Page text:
As reported previously, pharmacologically isolated spontaneous GABAergic/glycinergic mPSCs in Renshaw cells of this age have characteristics different from other neurons (Gonzalez-Forero and Alvarez, 2005). Renshaw cell GABAergic/glycinergic mPSCs are characterized by fast events (glycinergic) with larger than usual peak amplitudes, the presence of many slow events (GABAergic), and a relative high frequency of biphasic events with fast and slow components in their decays. In Renshaw cells sampled from the TeNT-treated side, the most obvious change was an increase in the peak amplitude of the fast events and the fast component of mixed events (Fig. 6A). To quantitatively analyze mPSC alterations in Renshaw cells sampled contralateral (n = 8) and ipsilateral (n = 8) to the TeNT injection side, we obtained average traces of all mPSCs in each cell. These average currents included events with fast, slow, and mixed decays; thus, their decays were best fitted by the sum of two exponential functions (Fig. 6B). We measured the average current peak amplitude, the estimated fast and slow decay time constants (τf and τs, respectively), the ratio of the fast and slow components to the absolute current peak (Af/As ratio), and the total charge under the average current curve (Fig. 6C-F). Significant increases in peak amplitude, Af/As ratio, and total charge were detected in Renshaw cells ipsilateral to TeNT injections compared with contralateral control Renshaw cells (p < 0.05; Student's t test). Peak amplitudes increased by 78.9% from an average of 117.56 ± 10.87 pA in control compared with 210.31 ± 16.83 pA in the TeNT-treated side. Control Renshaw cell average peak amplitudes were similar to those reported previously in a different sample of noninjected animals at the same age (Gonzalez-Forero and Alvarez, 2005). In addition, Af/As ratios almost doubled from a 3.36 ratio in control Renshaw cells to a 6.45 ratio in the TeNT-injected side (91.8% increase). This suggests that the fast component of the currents increased in size relative to the slower component. No significant differences were detected in the decay time constants of the fast (τf = 3.27 ± 0.16 msec in control and 3.57 ± 0.26 msec in the TeNT-injected side; p = 0.35; Student's t test) or slow (τs = 39.00 ± 2.31 msec in control and 48.21 ± 14.48 msec in the TeNT-injected side; p = 0.12; Student's t test) components, although decays appeared somewhat longer ipsilateral to the TeNT injections. The amount of charge under the curve of average mPSCs increased by 42.4%, from 1.88 ± 0.63 pC in control to 2.68 ± 0.65 pC in the TeNT-injected side. These results strongly suggest that the underlying currents responsible for fast components (glycinergic) increased in size much more rapidly than those responsible for the slow components (GABAergic). To analyze each component separately, we isolated glycinergic mPSCs with bicuculline (10 μm) and GABAergic mPSCs with strychnine (0.25 μm).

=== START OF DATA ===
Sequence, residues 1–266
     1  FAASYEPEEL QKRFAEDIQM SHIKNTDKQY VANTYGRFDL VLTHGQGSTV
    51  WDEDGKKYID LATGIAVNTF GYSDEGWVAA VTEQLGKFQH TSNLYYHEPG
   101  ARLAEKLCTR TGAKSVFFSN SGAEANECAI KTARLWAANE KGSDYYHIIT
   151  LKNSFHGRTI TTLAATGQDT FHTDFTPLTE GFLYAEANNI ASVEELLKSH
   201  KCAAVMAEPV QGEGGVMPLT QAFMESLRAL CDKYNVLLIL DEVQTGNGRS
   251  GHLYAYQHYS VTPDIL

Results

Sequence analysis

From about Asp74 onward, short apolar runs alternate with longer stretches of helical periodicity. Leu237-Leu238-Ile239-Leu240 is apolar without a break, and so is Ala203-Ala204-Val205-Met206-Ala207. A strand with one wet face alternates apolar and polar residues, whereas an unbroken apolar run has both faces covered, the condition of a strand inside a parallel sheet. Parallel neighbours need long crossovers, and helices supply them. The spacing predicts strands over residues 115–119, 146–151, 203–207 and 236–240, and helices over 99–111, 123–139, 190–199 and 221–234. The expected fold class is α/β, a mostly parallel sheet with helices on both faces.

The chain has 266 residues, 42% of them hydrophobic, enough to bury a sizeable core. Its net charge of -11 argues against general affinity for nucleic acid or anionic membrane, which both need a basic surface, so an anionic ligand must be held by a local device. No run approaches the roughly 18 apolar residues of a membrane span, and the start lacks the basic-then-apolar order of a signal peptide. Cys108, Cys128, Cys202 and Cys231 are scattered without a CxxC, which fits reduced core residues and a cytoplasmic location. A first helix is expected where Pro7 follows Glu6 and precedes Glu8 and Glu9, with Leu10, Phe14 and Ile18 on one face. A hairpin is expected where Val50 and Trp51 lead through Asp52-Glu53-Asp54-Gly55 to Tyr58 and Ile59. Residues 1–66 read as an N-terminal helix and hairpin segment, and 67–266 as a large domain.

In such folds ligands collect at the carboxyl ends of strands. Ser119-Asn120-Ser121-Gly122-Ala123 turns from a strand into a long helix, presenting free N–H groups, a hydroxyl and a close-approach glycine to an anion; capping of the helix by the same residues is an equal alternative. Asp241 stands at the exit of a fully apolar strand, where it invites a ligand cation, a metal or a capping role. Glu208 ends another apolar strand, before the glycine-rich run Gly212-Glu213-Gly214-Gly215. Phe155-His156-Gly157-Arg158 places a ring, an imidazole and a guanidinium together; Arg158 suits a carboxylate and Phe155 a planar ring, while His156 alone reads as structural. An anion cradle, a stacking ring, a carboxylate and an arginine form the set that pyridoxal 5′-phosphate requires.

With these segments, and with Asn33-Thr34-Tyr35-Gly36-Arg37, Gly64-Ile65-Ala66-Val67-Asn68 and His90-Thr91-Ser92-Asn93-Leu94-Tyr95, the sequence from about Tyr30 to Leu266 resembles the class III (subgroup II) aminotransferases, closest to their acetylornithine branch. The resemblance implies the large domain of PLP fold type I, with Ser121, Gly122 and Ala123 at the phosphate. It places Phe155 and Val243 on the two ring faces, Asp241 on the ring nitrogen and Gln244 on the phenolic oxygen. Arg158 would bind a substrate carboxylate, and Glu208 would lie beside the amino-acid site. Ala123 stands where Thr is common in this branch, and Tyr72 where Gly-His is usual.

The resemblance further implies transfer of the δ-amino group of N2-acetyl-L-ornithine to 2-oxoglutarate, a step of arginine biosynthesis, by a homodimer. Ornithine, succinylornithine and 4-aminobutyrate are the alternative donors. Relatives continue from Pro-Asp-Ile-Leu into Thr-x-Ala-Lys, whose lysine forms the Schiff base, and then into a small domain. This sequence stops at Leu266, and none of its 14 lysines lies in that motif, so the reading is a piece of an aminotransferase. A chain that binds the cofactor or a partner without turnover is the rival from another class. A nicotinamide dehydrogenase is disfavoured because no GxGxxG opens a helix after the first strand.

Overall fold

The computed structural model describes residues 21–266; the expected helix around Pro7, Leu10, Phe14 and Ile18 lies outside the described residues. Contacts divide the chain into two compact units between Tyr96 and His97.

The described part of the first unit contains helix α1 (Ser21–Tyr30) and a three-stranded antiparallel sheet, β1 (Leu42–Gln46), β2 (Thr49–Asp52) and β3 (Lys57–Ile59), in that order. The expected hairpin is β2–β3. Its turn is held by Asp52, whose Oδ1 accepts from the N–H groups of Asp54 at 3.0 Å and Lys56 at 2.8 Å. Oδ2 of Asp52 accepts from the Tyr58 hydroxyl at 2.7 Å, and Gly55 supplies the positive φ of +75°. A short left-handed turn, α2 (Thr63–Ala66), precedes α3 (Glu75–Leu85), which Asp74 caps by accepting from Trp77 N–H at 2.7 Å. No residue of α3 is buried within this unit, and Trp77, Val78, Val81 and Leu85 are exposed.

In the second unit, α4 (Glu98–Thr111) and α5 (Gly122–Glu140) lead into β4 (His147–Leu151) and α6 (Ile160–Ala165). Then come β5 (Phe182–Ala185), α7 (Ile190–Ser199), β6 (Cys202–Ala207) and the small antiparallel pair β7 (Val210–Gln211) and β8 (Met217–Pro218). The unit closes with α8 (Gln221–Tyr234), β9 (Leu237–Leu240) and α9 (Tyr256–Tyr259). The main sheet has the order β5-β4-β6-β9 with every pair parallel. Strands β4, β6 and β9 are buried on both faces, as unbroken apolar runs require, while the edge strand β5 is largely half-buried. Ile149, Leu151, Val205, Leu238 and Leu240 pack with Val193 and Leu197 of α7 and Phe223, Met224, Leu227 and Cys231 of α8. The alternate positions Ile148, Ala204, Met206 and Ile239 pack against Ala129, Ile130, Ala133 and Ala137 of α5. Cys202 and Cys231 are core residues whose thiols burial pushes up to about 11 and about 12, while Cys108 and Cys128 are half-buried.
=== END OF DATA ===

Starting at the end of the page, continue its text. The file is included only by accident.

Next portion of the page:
As expected bicuculline-isolated glycinergic mPSCs showed a large increase in peak amplitude with no change in decay, rise times, or frequency (Fig. 7A-D). We quantitatively examined pharmacologically isolated glycinergic currents in 8 and 15 Renshaw cells contralateral and ipsilateral to TeNT injections. The distribution histograms of mPSC peak amplitudes (Fig. 7E) changed in similar ways to gephyrin clusters sizes after TeNT, and the proportion of small events was diminished in favor of a strong skew toward larger current amplitudes. As a result, the cellular average peak amplitude was significantly increased by 60.87% (127.14 ± 10.66 pA in control compared with 204.53 ± 42.81 pA in the TeNT-treated side; p < 0.001; Student's t test). The total charge was significantly increased in parallel (56.0% increase; 0.58 pC ± 0.05 pC in control to 0.90 ± 0.06 pC in the TeNT-injected side; p = 0.003; Student's t test). No significant differences were noted in decay (τ = 3.93 ± 0.39 msec in control and 4.3 ± 0.39 msec in the TeNT-injected side) or frequency (1.21 ± 0.29 Hz in control; 1.15 ± 0.25 msec in the TeNT-injected side).